A term for the U.S. arms industry and associated commercial interests, which grew rapidly in scale and influence in the wake of World War II
Widely adopted by Vietnam-era anti-war activists, the term was first coined by General Dwight D. Eisenhower (Ike), 34th President of the United States, in his prophetic "Farewell Address" given on January 17, 1961.
- "This conjunction of an immense military establishment and a large arms industry is new in the American experience. The total influence -- economic, political, even spiritual -- is felt in every city, every State house, every office of the Federal government. We recognize the imperative need for this development. Yet we must not fail to comprehend its grave implications. Our toil, resources and livelihood are all involved; so is the very structure of our society.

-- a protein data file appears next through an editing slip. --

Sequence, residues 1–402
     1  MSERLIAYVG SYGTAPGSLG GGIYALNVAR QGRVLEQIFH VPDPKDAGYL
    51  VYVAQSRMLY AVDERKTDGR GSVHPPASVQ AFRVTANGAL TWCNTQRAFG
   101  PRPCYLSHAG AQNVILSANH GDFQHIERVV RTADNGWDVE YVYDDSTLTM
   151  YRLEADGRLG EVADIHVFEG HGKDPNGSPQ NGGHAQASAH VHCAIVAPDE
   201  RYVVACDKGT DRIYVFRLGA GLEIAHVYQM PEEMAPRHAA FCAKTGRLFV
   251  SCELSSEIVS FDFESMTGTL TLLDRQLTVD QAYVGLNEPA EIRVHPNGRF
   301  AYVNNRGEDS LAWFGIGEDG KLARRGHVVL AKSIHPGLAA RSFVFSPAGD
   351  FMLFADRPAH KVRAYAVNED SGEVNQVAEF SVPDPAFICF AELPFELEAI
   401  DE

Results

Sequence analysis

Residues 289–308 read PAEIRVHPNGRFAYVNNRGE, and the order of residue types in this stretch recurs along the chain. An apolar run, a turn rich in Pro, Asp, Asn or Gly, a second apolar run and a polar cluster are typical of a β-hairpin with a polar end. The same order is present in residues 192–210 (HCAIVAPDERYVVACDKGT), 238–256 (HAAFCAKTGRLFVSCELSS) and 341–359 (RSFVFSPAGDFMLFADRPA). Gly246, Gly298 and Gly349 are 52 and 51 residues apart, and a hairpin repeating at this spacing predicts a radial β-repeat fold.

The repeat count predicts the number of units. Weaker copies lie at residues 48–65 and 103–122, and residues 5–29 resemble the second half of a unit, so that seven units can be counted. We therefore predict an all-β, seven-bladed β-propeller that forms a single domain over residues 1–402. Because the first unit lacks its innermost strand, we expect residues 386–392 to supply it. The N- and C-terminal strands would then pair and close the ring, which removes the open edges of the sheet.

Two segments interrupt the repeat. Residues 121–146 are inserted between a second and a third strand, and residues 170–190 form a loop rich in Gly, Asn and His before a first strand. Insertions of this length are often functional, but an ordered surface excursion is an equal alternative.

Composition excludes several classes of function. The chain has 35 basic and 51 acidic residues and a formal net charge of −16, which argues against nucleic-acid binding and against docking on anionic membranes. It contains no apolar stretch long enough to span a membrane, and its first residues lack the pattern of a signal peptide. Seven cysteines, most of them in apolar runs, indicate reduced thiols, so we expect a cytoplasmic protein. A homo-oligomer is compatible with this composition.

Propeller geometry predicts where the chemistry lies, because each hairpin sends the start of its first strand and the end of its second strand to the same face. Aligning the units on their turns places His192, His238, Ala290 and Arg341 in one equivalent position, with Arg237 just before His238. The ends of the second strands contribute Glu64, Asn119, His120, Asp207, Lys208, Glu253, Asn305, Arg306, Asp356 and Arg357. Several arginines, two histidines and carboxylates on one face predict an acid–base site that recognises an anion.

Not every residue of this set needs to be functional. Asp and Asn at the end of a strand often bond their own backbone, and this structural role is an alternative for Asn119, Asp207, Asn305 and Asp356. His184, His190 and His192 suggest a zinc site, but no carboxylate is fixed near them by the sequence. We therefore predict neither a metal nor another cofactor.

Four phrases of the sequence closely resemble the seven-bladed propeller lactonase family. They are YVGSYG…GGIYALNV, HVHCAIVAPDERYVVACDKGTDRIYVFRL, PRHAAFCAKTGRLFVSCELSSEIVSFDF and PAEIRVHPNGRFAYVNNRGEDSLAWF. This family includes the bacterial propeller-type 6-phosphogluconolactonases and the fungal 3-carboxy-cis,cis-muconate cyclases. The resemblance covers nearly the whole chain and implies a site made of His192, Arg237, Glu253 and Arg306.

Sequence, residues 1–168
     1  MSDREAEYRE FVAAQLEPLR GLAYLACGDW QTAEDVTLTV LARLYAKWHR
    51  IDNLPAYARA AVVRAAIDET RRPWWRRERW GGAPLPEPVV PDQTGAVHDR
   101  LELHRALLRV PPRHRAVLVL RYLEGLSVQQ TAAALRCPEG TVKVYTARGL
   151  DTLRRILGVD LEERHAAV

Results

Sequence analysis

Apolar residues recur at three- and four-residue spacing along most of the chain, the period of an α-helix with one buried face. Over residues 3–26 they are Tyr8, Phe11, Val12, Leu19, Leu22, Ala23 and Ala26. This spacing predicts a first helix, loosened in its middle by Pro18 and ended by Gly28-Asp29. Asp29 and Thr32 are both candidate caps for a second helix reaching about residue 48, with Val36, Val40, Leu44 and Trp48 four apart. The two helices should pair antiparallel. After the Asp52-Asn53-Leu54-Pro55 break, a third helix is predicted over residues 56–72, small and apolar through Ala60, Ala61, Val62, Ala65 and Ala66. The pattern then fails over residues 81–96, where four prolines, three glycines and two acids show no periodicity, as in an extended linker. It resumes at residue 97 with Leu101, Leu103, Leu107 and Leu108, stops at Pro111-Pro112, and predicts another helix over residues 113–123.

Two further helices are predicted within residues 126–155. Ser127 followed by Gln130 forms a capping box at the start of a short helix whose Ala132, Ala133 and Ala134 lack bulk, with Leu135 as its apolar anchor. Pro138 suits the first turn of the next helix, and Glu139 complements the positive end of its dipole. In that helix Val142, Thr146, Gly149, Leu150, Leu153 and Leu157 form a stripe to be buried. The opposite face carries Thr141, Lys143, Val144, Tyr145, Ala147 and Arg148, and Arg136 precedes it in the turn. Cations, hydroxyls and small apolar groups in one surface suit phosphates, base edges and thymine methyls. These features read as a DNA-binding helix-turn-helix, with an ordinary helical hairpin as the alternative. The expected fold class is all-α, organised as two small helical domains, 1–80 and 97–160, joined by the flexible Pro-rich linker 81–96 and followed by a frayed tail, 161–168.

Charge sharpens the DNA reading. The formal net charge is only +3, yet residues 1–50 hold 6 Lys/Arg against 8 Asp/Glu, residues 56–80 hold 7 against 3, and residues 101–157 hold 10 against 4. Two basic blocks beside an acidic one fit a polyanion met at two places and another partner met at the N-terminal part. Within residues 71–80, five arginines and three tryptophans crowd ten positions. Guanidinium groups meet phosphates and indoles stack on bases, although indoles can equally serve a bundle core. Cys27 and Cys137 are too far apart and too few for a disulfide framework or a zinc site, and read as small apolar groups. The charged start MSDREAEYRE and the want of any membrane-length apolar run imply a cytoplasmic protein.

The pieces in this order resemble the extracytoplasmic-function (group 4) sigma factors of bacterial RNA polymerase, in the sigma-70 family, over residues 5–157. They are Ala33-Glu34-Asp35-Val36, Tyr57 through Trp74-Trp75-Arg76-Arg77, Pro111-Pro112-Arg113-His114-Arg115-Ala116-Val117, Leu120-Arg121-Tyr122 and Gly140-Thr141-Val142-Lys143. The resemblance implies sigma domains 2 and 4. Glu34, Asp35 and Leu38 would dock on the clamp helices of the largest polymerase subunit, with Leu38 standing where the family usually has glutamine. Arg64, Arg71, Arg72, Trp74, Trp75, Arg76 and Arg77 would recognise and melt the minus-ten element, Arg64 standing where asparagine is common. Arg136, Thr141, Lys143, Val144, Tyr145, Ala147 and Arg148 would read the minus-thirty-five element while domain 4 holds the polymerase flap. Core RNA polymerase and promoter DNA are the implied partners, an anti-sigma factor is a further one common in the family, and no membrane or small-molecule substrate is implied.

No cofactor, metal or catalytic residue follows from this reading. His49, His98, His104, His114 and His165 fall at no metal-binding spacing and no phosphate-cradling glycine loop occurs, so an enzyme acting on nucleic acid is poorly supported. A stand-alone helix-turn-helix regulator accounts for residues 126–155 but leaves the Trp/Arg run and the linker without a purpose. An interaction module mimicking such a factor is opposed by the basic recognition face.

- In the councils of government, we must guard against the acquisition of unwarranted influence, whether sought or unsought, by the military-industrial complex. The potential for the disastrous rise of misplaced power exists and will persist.
- We must never let the weight of this combination endanger our liberties or democratic processes. We should take nothing for granted. Only an alert and knowledgeable citizenry can compel the proper meshing of the huge industrial and military machinery of defense with our peaceful methods and goals, so that security and liberty may prosper together."
Though the term "Military-industrial complex" is usually used in reference to the United States, it has also been occasionally used to describe other militarily strong nations, such as the former Soviet Union
Public Papers of the Presidents, Dwight D. Eisenhower, 1960, p. 1035- 1040